If you're a fan of retired Mariner Edgar Martinez, you know about "The Double." You know about his loyalty to Seattle. And you know about his long wait to get into the National Baseball Hall of Fame. But there is still a lot to learn about the humble player who found out this week that he's finally making it to Cooperstown.
KNKX sports commentator Art Thiel talked with Morning Edition host Kirsten Kendrick about some lesser-known facts about one of Seattle's biggest sports heroes.
HE OVERCAME A BIG OBSTACLE
"Edgar, for most of his career, was operating with an eye condition called lazy eye, which causes his left eye to drift," Thiel said. "The problem with it is that if his eye gets tired at all during the day, he would have a hard time playing baseball at night.
"Edgar had this incredible routine that he stuck with where he would not read any book, document, scouting report. He would not watch television. He would do nothing that would cause his eyes to fatigue over the course of a day so that he had the full strength of the eye muscles in order to play the game at night.
"I would see him in the clubhouse on occasion in the Kingdome, riding the stationary bike, getting his legs ready, building up the cardio. And he had this long stare. Now, most of us, when we are on exercise machines, like to have a TV on or whatever but Edgar would stare into the far distance and do nothing to tax his eye muscles.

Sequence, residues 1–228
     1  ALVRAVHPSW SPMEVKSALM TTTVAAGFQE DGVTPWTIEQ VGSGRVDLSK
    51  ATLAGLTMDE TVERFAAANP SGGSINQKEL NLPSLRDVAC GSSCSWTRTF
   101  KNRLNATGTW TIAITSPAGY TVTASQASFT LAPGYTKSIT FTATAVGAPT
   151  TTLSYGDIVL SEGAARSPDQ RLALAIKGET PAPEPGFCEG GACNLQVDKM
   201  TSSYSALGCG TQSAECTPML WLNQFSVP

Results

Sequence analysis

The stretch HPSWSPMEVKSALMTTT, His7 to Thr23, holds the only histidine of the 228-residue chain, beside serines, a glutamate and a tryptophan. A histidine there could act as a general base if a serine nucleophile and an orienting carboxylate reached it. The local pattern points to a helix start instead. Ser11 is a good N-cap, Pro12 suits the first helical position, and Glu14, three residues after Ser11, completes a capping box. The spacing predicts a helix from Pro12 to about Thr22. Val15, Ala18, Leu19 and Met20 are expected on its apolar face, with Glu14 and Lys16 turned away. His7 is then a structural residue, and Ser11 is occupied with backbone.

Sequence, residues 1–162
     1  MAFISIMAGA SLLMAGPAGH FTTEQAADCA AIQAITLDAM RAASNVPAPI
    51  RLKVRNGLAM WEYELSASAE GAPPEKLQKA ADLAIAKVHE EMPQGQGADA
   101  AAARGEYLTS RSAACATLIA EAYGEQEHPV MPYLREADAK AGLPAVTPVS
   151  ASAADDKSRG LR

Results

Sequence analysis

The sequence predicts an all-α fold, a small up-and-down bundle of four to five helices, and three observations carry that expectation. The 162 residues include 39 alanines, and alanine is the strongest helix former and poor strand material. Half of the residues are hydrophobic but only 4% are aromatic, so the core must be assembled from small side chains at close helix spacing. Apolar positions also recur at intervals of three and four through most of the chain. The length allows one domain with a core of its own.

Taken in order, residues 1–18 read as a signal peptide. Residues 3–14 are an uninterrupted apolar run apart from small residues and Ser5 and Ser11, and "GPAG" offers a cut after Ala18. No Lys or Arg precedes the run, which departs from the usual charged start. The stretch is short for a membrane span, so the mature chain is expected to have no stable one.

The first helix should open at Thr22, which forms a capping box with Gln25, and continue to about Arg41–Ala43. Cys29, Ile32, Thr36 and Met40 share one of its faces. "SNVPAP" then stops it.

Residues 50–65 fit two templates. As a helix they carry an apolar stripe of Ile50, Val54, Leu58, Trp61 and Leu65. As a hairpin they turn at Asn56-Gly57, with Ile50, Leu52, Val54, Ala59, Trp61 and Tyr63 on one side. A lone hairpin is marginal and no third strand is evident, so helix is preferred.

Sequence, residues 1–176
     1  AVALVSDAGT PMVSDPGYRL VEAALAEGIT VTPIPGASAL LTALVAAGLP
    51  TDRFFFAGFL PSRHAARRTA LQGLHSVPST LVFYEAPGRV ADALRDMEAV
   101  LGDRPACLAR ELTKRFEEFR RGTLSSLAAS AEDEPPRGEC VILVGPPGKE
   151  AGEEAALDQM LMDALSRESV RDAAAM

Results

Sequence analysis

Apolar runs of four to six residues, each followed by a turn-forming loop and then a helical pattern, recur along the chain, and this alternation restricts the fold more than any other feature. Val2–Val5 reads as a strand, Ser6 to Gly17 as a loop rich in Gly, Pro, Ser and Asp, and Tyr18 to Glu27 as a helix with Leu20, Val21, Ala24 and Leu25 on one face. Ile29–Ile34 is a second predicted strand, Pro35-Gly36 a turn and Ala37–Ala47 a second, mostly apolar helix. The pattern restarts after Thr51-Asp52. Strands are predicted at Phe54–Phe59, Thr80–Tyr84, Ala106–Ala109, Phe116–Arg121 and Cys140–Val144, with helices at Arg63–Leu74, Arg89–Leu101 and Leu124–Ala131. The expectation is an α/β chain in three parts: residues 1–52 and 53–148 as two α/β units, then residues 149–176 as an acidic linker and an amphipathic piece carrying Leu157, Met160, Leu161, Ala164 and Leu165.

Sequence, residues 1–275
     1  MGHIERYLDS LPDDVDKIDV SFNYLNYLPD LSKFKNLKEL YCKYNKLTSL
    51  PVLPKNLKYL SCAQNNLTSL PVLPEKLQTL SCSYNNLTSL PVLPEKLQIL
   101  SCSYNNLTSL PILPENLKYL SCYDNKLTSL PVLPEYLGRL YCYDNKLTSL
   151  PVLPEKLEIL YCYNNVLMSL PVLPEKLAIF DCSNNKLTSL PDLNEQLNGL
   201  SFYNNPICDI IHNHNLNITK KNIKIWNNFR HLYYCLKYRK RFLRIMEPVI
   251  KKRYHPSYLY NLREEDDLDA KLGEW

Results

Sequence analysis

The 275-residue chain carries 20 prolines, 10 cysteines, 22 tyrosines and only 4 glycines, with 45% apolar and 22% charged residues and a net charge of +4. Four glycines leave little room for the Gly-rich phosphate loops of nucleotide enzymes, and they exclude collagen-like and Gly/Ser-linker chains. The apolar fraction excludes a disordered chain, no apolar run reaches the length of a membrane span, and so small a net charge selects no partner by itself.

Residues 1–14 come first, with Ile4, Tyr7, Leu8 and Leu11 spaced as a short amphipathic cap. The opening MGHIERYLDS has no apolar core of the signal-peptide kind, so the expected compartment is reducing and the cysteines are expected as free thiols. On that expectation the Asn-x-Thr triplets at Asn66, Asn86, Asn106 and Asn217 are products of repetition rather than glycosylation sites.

"He did the most difficult thing in sports, which is hitting a thrown baseball by a Major League pitcher, and did it so well despite having to overcome this disorder for the length of his career. It was absolutely astonishing."
HIS DISCIPLINE PAID OFF
Thiel pointed out that Edgar's discipline paid off, particularly when it came to how he performed against his fellow 2019 Hall of Fame inductees.
"One of the most amazing stats that emerged from this week's vote was that, against Roy Halladay, Mariano Rivera and Mike Mussina, the three pitchers that are going in as part of the 2019 class, Edgar had a career .375 batting average," he said.
"And against Mariano Rivera, the best pitcher in the game's history, who was the first unanimous entrant, Edgar hit .589!
"Even Rivera said during his interviews this week that the toughest hitter he ever faced was Edgar Martinez. He drove Mariano Rivera crazy!"
HE SECURED SPOT IN SEATTLE SPORTS HISTORY
Thiel said Martinez's place in Seattle sports history ranks up there with Steve Largent, the Seahawks receiver, who spent 14 years in a Seattle uniform. Martinez spent 18 years as a Mariner.
"Unlike Ken Griffey Jr., who did move on, Edgar was not a charismatic character," Thiel said. "He was stoic, he was earnest, he was humble. That's why everyone, I think, gravitated to him.
"I think little boys always wanted to be Ken Griffey Jr. because of who he was, how he played and putting the hat backward. He was a real colorful personality.
"But I think a whole lot of fans wanted to either marry Edgar, or have him as your brother or have him as a son or a father or at least a pal because he was so earnest in his demeanor. So low profile. So humble. And a source of great affection for this community.
"A good thing happened this week to a good man."